Airborne ISR

The wave of the future isn’t just about collecting data—it’s finding better ways to exploit it


“I can see my house from here!”

A boy’s first flight aboard a commercial airliner is magical. At an altitude of 40,000 feet, he realizes for the first time the sheer size of the world in which he lives. The view from above — more vast than he’d ever imagined on the ground — offers him new perspectives and possibilities. The best way forward, he realizes, is up.

A soldier’s first flight aboard an Enhanced Medium Altitude Reconnaissance and Surveillance System (EMARSS) aircraft promises the same awakening all over again. Thanks to its seven-hour flight time, high-bandwidth data links, modular open system architecture, and generous payload capacity, the Boeing-built multi-INT platform offers a view that’s not only farther and wider than that on the ground, but also deeper. When it’s accessorized with cutting-edge sensors that capture imagery and other information, one can not only see the enemy’s house, but also who’s entering it, where they’re coming from, when they leave, and where they’re headed when they do.

The Boeing EMARSS airborne ISR platform is among new aircraft being designed to facilitate multi-INT fusion, and is therefore poised to exploit and integrate the next generation of aerial sensors. Photo credit: Titan Aerospace

“This one airplane can do what it used to take more than three airplanes to do,” said Mark Stephenson, Boeing’s EMARSS program manager, whose team in 2010 won a U.S. Army contract for four EMARSS aircraft, the first of which completed its first test flight in May 2013.

EMARSS is but one cog in an enormous machine that’s shaping the future of airborne intelligence, surveillance, and reconnaissance (ISR). For the boy looking down on his house—who one day becomes a soldier looking down on a threat—that future is one in which adversaries cannot hide. Along with sophisticated platforms and advanced sensors, this future requires new ways of working that replace “seeking” with “finding.”

The Case for Airborne

Airborne ISR dates back to the Civil War, when Union soldiers used hot air balloons to spy on Confederate troops. The deployment of manned observation balloons carried over into World War I, when Zeppelins and the use of fixed-wing aircrafts for reconnaissance were first introduced. By World War II, aerial photography was prolific, producing superior situational awareness, but at a significant cost: Gathering intelligence required flying great distances to and from the battlefield, as well as flying at low altitude over enemy territory and developing miles of film that had to be manually analyzed and stored.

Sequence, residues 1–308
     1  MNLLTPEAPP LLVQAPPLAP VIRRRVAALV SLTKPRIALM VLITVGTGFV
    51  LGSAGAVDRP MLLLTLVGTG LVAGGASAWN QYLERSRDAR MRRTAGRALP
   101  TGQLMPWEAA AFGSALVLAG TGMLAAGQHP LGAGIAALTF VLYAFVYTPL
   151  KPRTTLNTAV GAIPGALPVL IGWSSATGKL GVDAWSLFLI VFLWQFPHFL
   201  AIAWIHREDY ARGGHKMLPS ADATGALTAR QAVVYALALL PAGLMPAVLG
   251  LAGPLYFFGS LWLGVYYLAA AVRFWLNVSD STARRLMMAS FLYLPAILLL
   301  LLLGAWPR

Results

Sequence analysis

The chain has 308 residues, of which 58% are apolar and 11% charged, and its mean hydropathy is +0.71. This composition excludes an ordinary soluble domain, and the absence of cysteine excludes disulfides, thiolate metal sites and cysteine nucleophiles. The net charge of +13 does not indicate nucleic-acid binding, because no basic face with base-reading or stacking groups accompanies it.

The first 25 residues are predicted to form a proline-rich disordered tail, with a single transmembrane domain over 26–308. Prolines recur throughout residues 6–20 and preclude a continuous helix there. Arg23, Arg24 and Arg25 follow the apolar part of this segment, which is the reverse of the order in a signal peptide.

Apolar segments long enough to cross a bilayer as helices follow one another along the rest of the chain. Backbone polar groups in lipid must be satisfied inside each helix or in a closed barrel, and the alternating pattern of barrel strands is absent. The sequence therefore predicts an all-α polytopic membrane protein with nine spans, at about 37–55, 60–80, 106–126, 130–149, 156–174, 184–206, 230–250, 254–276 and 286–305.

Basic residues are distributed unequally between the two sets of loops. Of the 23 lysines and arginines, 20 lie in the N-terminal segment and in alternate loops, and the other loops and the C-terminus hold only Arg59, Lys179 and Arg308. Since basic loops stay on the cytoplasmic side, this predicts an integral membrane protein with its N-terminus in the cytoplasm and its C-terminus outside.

“Airborne ISR was very tedious in its infancy,” said Eric Zitz, a lead associate at Booz Allen Hamilton, where he serves as an intelligence integration specialist for the National Geospatial-Intelligence Agency (NGA). “It produced an incredible amount of raw film that had to be taken off the airplane and processed just like you would an old Kodak roll, then given to someone who knew what they were looking for.”

In the decades after World War II, when the dominant reconnaissance aircraft was the F-4 variant of Lockheed Martin’s P-38, the United States made several notable advancements in aerial platforms, including the Lockheed U-2 jet-powered reconnaissance platform, which was introduced in 1955; the Ryan Model 147, an unmanned reconnaissance aircraft created in 1962; the Lockheed A-12 reconnaissance aircraft, first flown for the CIA as a U-2 back-up in 1962; and the A-12’s doppelganger— the Lockheed SR-71 Blackbird, a high-speed, high-altitude reconnaissance platform in use from 1966 until 1998.

“There was a fairly major breakthrough [in airborne ISR] in 1983, when we learned to put data links on our aircraft with the U-2,” said retired Air Force Maj. Gen. James Poss, former assistant deputy chief of staff for ISR at U.S. Air Force headquarters. “I’ll make the argument, though, that aerial reconnaissance really hadn’t changed much since WWII.”

It finally did change—“fundamentally,” according to Poss—in 1995, when Abraham Karem designed the MQ-1 Predator unmanned aerial vehicle (UAV). “He took a miniaturized version of what CNN uses to broadcast live imagery and essentially designed an aircraft around it,” Poss said. “After Desert Storm, we invented the Global Positioning System (GPS) and deployed a massive amount of laser-guided weapons. Our adversaries learned they had to be constantly moving, and we now had a surveillance vehicle that would allow us to follow them persistently—whatever it took to find them and wait for the perfect moment to strike. It revolutionized the way we do airpower.”

The revolution wasn’t the Predator’s platform so much as it was its satellite data link, which allowed the military to collect continuous imagery from behind enemy lines. “We realized that WWII-style reconnaissance wasn’t going to work anymore,” Poss continued. “We needed constant surveillance and we needed advanced data links to allow us to go deep in [hostile] territory.”